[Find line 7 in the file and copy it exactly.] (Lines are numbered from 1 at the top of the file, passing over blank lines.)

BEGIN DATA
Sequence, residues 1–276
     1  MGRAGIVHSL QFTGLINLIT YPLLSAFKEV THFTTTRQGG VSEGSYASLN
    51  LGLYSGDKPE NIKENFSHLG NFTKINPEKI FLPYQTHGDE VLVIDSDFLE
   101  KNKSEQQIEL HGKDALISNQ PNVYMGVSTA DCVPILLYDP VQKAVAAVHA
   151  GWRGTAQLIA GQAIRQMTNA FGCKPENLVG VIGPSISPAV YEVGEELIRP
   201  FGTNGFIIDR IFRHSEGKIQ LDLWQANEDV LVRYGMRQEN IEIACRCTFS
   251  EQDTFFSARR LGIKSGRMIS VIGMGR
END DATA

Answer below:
   251  EQDTFFSARR LGIKSGRMIS VIGMGR